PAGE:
Through radiographs, their veterinarians have diagnosed hip dysplasia. Briefly, this is a genetically transmitted disease that usually results in severe and painful degenerative arthritis developing in the hip joints of dogs. Most cases can be treated through medical or surgical means but the animals may never be able to act normally, do what they were purchased for, and should never be bred. Additionally, these treatments will probably be expensive and there is no guarantee they will work.

So what are you going to do? What are your responsibilities? You bred the puppies, you took your customers’ money, and told them how great the parents were. You never lied. You just didn't know what you were doing. Now several other families have to deal with a problem that could have been avoided. If you only have one dog to breed and now you know that it is carrying the disease, you can't give them another puppy from a future breeding. Are you prepared to give them their money back? Are you willing to help with the medical bills they are going to incur if they decide to try treatment? As veterinarians, we have been involved in scenarios just like this hundreds of times!

So if you still want to breed your own dogs but want to bypass the above horror story, here are some recommendations:
*Don't breed your dog unless you honestly believe it is really something special.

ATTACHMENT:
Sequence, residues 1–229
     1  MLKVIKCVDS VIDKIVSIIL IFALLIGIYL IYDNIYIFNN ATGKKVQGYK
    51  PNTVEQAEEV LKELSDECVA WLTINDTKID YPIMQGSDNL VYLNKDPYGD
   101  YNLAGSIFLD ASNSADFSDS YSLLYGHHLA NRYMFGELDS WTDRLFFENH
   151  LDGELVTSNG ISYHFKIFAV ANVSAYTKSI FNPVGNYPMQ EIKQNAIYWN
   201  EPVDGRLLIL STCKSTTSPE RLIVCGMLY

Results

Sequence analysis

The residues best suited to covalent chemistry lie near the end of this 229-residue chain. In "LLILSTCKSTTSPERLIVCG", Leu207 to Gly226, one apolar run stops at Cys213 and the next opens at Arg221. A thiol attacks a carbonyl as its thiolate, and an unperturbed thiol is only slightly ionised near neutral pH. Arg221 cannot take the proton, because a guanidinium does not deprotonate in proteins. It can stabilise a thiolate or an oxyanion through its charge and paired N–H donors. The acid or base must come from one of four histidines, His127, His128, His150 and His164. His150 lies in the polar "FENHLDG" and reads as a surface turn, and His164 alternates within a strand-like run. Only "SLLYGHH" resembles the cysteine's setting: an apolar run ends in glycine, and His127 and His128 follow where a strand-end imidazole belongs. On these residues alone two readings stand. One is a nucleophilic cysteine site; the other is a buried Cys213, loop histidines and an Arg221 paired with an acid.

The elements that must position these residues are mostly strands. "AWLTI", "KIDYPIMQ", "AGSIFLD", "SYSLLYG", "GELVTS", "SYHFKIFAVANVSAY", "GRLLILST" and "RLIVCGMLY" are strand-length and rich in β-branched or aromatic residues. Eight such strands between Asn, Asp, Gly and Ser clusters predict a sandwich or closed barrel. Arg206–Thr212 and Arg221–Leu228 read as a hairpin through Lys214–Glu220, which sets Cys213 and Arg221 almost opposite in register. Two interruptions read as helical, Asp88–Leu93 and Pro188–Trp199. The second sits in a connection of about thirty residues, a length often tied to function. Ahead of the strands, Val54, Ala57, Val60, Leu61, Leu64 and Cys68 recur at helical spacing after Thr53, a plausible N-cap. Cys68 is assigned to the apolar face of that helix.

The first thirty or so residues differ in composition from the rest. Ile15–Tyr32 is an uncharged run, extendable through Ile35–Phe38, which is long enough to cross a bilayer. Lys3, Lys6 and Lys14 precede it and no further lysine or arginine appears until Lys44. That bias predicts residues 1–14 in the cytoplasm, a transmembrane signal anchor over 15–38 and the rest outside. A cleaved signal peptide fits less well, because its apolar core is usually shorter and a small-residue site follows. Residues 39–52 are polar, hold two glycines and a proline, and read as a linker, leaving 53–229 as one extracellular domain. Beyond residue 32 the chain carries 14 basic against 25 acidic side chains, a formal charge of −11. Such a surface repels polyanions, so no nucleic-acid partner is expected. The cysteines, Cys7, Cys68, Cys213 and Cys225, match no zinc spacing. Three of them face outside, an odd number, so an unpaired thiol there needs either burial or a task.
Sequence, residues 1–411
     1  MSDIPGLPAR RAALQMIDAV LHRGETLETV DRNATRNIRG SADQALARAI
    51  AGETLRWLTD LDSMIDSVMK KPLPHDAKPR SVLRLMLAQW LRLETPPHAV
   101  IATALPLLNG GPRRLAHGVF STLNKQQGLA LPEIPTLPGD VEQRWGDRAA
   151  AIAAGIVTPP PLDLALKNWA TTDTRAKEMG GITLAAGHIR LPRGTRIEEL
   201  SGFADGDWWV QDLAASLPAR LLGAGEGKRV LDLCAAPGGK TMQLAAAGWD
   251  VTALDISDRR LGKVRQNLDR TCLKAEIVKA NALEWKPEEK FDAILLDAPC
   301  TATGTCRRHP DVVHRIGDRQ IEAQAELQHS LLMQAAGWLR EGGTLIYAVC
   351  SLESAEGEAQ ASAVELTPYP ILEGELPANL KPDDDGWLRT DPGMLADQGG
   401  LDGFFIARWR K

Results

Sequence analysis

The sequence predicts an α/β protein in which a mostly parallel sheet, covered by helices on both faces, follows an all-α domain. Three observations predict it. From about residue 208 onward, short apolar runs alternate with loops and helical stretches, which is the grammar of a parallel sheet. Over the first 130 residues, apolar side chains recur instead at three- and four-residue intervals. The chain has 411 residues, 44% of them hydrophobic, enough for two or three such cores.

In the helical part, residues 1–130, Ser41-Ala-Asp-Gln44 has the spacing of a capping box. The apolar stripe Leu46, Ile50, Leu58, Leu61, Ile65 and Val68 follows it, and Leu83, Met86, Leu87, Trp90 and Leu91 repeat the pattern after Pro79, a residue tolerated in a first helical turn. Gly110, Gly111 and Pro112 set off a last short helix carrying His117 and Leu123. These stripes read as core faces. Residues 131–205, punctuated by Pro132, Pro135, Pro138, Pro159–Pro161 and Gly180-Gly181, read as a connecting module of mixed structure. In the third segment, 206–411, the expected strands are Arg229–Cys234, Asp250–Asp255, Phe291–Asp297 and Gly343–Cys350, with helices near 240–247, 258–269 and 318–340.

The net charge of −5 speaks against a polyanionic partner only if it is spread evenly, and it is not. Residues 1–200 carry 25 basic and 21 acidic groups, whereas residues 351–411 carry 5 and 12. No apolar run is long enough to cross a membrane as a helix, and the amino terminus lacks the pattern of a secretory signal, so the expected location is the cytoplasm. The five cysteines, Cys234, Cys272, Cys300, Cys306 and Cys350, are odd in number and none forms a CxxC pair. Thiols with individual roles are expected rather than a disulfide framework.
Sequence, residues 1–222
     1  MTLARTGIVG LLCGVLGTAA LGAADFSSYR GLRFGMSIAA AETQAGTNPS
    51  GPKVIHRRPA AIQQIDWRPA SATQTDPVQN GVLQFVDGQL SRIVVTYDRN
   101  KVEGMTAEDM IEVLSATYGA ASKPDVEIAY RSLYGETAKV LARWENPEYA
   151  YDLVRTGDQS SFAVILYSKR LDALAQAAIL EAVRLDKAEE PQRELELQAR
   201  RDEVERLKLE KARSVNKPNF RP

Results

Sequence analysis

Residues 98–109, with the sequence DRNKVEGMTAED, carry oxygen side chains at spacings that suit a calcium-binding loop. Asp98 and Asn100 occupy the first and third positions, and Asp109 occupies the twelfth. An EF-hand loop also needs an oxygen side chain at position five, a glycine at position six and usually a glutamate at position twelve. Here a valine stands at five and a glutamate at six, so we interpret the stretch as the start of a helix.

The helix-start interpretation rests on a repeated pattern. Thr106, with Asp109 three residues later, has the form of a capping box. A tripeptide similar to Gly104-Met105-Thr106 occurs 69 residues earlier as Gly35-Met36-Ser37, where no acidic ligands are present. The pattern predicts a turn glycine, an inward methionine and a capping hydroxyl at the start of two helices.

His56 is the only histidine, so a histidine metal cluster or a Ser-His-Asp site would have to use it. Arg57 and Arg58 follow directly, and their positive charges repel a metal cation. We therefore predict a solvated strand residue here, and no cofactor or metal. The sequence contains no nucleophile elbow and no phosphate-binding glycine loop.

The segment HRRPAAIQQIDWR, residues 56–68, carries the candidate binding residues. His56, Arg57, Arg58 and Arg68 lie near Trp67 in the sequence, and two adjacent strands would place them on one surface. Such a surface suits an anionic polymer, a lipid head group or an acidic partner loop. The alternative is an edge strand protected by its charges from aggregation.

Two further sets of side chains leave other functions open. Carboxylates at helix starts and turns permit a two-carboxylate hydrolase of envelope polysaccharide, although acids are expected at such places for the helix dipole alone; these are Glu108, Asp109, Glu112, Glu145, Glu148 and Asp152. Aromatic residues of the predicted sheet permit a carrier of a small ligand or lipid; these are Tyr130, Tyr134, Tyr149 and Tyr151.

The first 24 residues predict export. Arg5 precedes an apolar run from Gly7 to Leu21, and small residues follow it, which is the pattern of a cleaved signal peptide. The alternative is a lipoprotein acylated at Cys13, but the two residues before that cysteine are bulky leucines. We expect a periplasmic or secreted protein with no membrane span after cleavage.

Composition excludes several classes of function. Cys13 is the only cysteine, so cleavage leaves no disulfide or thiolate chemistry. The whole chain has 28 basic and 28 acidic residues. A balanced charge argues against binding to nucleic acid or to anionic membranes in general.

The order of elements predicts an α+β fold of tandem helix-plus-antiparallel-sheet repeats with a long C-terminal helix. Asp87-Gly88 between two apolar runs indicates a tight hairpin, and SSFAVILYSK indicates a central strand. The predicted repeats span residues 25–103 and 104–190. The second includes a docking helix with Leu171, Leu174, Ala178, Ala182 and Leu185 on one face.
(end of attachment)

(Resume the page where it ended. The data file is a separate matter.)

*Wait until it’s at least 24 months of age. By that age, you and your veterinarian will have a better chance of recognizing any serious behavioral or medical problems.
*Before breeding, take your dog to your veterinarian to have a thorough examination and blood tests for venereal diseases. Also, additional tests will be performed and may include, but are not limited to, x-rays and certification of acceptable hips and eye exams. The dog should be brought up to date on all vaccinations and wormed if necessary. If your veterinarian sees any problem that might foreclude breeding, he or she will discuss them with you. Remember, this should be done with both prospective parents. A dog that has been bred several times and seems to be producing healthy dogs could still be carrying problems which never came forward only because of who it was bred to in the past.
*If you are going to mate your dog with someone else's, make sure both are checked for venereal diseases, breeding soundness and certified free of things like hip dysplasia.

There are a few last questions you need to answer before you breed your own pet. If you cannot sell or in some way find good homes for the rest of the puppies, what will you do with them? If there are four remaining pups, it is the rare family that can absorb them into their home. What are your choices? In case it enters your mind, remember that most puppies delivered to a humane society do not find homes. Rather they are euthanized after 7 to 10 days due to economics and lack of space. For most people, that thought is an extreme burden for their conscience.

When you've been through all of the research, work, time, and expenses of breeding your pet, you'll understand why good breeders charge what they do for their puppies and why they are so careful about the homes they end up in. While breeding your pet can be fun and an educational experience, it is definitely not a decision to be taken lightly.

Written permission to reprint from Pet Education
DrsFosterSmiths&PetWarehouse
Owned & Operated by Practicing Veterinarians
© 2001 Drs. Foster & Smith, Inc.